By: Tanner Lawrence
Most of us have been there. Being so infuriated or upset by something we immediately turn on our phone or open up our laptops and vent out through a tweet or a Facebook status that we later regret. Normal people like me have at least. Do I really mean normal? Average might be a better word. I’m just an average 21 year college student trying to reach graduation the best way I can and sometimes I put my frustrations out on the web. Ultimately, I regret even thinking about putting it out there for the social media world to see. Of course I go back and delete it with hopes that is has not reached very many people. A few retweets or a few shares later who knows who could be looking at it through another end. What if it was my future girlfriend and she sees Tanner Lawrence as being a hot-headed guy with a high temper? What if the future employer of my dream job spotted it and he remembers Tanner Lawrence as being immature and irresponsible.
With the extraordinary growth of social media it could be argued that it is more important now than ever to keep control of our personal brand. Our personal brand is what we are known for and what people seek us out for. That definition might be better for businesses rather than individual people but similar concepts apply. Our personal brand is what we are known for, what we stand for and basically represents the type of people we are.
As I said earlier, average people like most of us have tweeted or posted something on social media that, if not handled properly, could affect our own personal brand. However, we are not the only ones who are prone to, because of some kind of frustration, post something regrettable online. Professional athletes fall into this trap themselves sometimes. Just the other day I was scrolling through my Twitter feed on my phone. And I being a big Cleveland Browns fan follow many Browns players with hopes of feeling more connected to them. It was then when Phil Taylor’s tweet caught my attention.
The 25 year old defensive tackle from Baylor University tweeted something that I believe could have adverse effects on his personal brand, mainly because of timing. Taylor (@PhilTaylor98) tweeted:
He said this not even a week after the Boston Marathon bombing. With the courageous efforts of FBI agents and police officers, justice was able to find the suspects responsible, with one of them even being caught alive. I found the tweet insensitive, ignorant and ill-timed. Funny enough, Taylor actually deleted his original tweet before sending this one. That was only because he mistakenly used “theres” instead of “theirs.” He noticed something was wrong with his use of a word, but did not see anything wrong with the tweet in general.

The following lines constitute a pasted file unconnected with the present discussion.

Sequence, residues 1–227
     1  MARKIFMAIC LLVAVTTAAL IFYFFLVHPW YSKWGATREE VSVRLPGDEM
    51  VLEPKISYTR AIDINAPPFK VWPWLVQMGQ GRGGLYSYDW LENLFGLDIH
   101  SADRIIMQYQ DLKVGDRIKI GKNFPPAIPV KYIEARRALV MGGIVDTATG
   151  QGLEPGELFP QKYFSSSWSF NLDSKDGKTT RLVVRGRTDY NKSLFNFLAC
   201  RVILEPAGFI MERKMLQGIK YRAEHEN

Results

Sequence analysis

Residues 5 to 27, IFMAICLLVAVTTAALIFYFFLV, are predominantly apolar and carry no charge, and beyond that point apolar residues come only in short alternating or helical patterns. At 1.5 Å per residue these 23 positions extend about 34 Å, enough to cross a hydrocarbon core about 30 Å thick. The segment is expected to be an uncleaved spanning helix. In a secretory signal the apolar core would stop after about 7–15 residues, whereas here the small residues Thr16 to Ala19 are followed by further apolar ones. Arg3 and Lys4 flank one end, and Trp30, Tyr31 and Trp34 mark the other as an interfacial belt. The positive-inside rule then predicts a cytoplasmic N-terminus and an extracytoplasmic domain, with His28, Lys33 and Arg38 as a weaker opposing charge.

Taylor would go on to interact with followers saying how it has nothing to do with the whole Boston situation and he is entitled to his own opinions. I’ll agree with Taylor that he is indeed entitled to his own opinions, but that doesn’t mean he won’t be rejected for it or it won’t affect his personal brand. To sort of put my feelings in football terms, he definitely missed the tackle with that tweet.
Now Taylor was not the first one to post something stupid on social media and he certainly won’t be the last. Athletes such as Stevie Johnson of the Buffalo Bills, Rashard Mendenhall of the Pittsburgh Steelers and Wayne Rooney of Manchester United have all had a few blunders with some of the things they say online. The fallout from these mistakes could be limitless. Fines by team, fines by the professional league in which they are affiliated with, loss of fans and decrease in jerseys sold are just a few negative effects if athletes do not take a hold of their personal brand while on social media.
Social media is a powerful tool that everyone should be careful when taking advantage of. The limit of interaction we can use while using platforms such as Facebook or Twitter are capped only at what we make it. We are now closer to people even if they are thousands of miles away or in a different profession. Therefore, whether you are a CEO of a successful company, a defensive tackle for the Cleveland Browns, or a 21 year old college student at the University of Mount Union controlling your personal brand is critical while using social media. One bad tweet or post could send your life or career in a different direction, a direction that will probably be regretted later. So remember: THINK BEFORE YOU TWEET!